New DAW / M-AudioFW410 / Suggestions

Discussion in 'Computing' started by spacebarr, Feb 15, 2008.

  1. spacebarr

    spacebarr Guest

    I'd like to build a new audio workstation at home; a desktop system revolving around the M-Audio FireWire 410 audio interface. My current setup is basic, consisting of:

    Mobo: Asus A7V8X-X (AGP,PCI,IMB,i2x/SMBus)
    CPU: AMD Athlon XP 2600+ (1905MHz - Socket A)
    Memory: 1023.53MB / 436.54MB Free
    OS: Windows XP Professional Service Pack 2
    Sound: Creative SB Audigy2

    I'd like to stick with an AMD processor (X2), greatly increase my space/storage and utilize SATA drives, find a motherboard that doesn't have any PCI-E slots, have the option of utilizing at least 4GB of RAM, continue to use my copy of Windows XP (not entirely sure of RAM limitations).


    I'm not entirely certain of how to implement the M-Audio FireWire 410 as I've never used a FireWire device before.

    I'm also not sure where to find a motherboard w/out PCI-E (as I've read that these detract from DAW setups).

    My external gear is basic:

    Korg MS2000
    M-Audio TriggerFinger
    Rode NT1A Condenser Mic

    Software utilized:

    AbletonLive 7.0.1
    Reason 3.0 (rewired through AbletonLive)
    Assorted VSTs
    Sony Soundforge
    FL Studio (haven't used it lately, but would like to have it on hand)

    The M-Audio FireWire 410 provides preamps and phantom power so I'll finally get to utilize the condenser mic I have plus the FireWire supposedly reduces strain on resources as opposed to USB. If it's not apparent, I'm not so well versed in setting up a stable DAW. My setup now is basically the product of making use of what I have on hand.

    If anyone has any experience, advice, or suggestions to offer, I would really appreciate it as I'm hoping to invest most of my tax return into a new machine.

    Again, I'm mostly concerned with finding a quality motherboard and implementing the M-Audio FireWire 410 audio interface. I'm not trying for anything too fancy, but I'd like to reduce the response time as much as possible (5ms is good, 2-3ms would be amazing).

  2. spacebarr

    spacebarr Guest

    In addition, I'm looking to re-use my PCI Radeon X800 Pro/GTO graphics card with my setup. Not looking to use this computer for gaming and audio combined, but the card was free and works well with my monitor. Hoping to avoid on-board video. I've read articles where one is advised to stray away from motherboards offering on-board video (and, of course, on-board audio) as an extra:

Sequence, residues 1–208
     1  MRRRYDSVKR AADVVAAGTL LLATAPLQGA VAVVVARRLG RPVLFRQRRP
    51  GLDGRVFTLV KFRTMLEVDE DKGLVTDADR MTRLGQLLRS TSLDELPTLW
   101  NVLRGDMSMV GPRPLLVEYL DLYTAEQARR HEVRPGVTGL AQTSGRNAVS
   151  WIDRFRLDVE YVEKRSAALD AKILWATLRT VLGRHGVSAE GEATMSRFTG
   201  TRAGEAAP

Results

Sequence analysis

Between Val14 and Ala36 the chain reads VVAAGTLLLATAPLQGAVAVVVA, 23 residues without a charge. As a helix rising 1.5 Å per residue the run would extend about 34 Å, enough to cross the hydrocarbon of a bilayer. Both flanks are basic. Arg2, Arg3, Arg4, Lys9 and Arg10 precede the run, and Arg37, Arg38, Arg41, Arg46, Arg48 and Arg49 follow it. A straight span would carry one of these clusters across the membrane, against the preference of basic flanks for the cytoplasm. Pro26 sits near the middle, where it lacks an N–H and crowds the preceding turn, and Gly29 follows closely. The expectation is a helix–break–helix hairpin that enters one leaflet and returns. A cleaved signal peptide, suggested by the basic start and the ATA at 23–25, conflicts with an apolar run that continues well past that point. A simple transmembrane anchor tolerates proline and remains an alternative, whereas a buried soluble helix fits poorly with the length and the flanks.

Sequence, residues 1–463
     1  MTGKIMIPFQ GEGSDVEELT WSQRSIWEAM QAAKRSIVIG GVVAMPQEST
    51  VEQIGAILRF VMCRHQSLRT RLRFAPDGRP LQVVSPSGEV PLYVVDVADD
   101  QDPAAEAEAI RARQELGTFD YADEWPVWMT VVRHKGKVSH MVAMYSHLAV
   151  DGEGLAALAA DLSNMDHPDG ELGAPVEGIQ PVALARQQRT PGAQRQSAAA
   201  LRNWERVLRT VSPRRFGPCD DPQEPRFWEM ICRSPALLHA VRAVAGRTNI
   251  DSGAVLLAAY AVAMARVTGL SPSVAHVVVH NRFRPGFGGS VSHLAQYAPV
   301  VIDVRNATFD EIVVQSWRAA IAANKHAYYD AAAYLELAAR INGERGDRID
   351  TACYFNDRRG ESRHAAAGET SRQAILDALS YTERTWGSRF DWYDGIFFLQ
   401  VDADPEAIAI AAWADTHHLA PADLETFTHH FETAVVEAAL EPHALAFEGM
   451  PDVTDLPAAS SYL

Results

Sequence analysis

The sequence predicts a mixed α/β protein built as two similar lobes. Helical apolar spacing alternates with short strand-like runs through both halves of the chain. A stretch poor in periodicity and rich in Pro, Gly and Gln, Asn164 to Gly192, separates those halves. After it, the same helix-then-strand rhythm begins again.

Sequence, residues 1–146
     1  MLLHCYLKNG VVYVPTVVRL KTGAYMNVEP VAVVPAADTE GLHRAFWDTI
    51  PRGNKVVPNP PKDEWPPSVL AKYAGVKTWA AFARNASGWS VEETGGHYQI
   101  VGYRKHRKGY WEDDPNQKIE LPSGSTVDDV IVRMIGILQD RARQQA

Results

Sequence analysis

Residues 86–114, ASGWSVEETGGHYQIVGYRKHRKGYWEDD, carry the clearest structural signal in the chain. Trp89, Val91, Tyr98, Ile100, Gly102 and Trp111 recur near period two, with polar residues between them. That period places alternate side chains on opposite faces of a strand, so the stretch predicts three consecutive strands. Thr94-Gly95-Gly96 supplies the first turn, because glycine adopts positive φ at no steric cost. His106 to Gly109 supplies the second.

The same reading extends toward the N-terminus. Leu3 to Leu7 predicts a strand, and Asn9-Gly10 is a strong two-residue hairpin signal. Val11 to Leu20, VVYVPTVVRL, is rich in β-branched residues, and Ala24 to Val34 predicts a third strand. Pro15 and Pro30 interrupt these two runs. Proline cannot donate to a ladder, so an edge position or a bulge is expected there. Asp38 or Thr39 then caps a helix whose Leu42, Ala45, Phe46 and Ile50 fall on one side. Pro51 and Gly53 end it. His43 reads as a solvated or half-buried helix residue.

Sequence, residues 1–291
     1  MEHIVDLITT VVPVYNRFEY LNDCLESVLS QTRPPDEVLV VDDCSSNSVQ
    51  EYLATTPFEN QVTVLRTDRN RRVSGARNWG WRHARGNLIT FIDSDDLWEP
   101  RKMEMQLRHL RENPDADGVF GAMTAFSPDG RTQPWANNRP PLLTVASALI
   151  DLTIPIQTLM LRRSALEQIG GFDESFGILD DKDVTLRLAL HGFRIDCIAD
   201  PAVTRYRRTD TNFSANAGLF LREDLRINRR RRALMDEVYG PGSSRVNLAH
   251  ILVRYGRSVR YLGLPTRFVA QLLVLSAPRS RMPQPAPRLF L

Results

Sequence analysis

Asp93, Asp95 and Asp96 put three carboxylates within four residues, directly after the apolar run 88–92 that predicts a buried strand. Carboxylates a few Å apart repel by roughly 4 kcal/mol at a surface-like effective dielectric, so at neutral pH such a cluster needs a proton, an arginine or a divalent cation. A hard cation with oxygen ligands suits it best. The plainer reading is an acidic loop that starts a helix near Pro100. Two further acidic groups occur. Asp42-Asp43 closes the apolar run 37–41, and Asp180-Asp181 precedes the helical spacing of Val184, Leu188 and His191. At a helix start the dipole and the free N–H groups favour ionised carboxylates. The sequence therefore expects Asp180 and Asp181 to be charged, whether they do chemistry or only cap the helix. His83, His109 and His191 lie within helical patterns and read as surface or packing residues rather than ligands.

Also, I'm finding it hard to find a AMD dual-core compatible motherboard without PCI-e slots. Anyone know of where to look? Am I just being lazy in my pursuit?

    Currently, I hook up audio/midi through the front panel of my audigy2 while I the output goes to my receiver. How would I route the sound with the new setup?

    At the risk of sounding ignorant (I think I'm past that), I'm still clueless of how to implement the M-Audio FireWire 410 with the machine. Will I need a basic sound card installed as well? Is it simply a matter of having a mobo equipped with FireWire input then plug and play?

    I just want to make sure the main things are taken care of and that no extra, unnecessary frills will get in my way.

    Again, this is what I'm looking at:

    Audio Interface: M-Audio FireWire 410
    Case: Antex Sonata II (comes w/ 450W PSU)
    Motherboard: Asus? Gigabyte? MSI?
    Processor: AMD Athlon 64 X2 5600+ 2.8GHz Socket AM2 (or something close)
    RAM: At least 2GB (pretty sure that I'm limited if I use Windows XP)
    GFX Card: PCI Radeon X800 Pro/GTO
    Midi Devices: M-Audio TriggerFinger / Korg MS2000

    Even if you've only got a link for me (beyond ', thanks), I'd appreciate your insight.

  3. spacebarr

    spacebarr Guest


    I'm not attached at the hip to AMD or anything, so any Intel suggestions will be just as welcome.
  4. Spase

    Spase Active Member

    Feb 21, 2006

    First off, the FW410 would be the sound card. You hook it up with a firewire cable and install the drivers (probably after disabling or removing the soundcard) - it should have directions for instalation.

    I think you can find mother boards that have AGP still - though they might be hard to find. Check - one of the best online computer part retailers. You can certainly stick with AMD, but the Intels are a bit better ATM.

    You could (probably) use your current computer with what you are looking at (though some motherboards may have compatibility issues, and you would want to get a PCI firewire card with a Texas Instrument chipset for it) - my desktop is just a little better and I can record up to 16 tracks at a time without a problem. You also should have 2 hard drives to do audio - one for the applications and one for the audio files. Another GB of ram would also be beneficial.
  5. spacebarr

    spacebarr Guest

    Spase, thanks for the reply.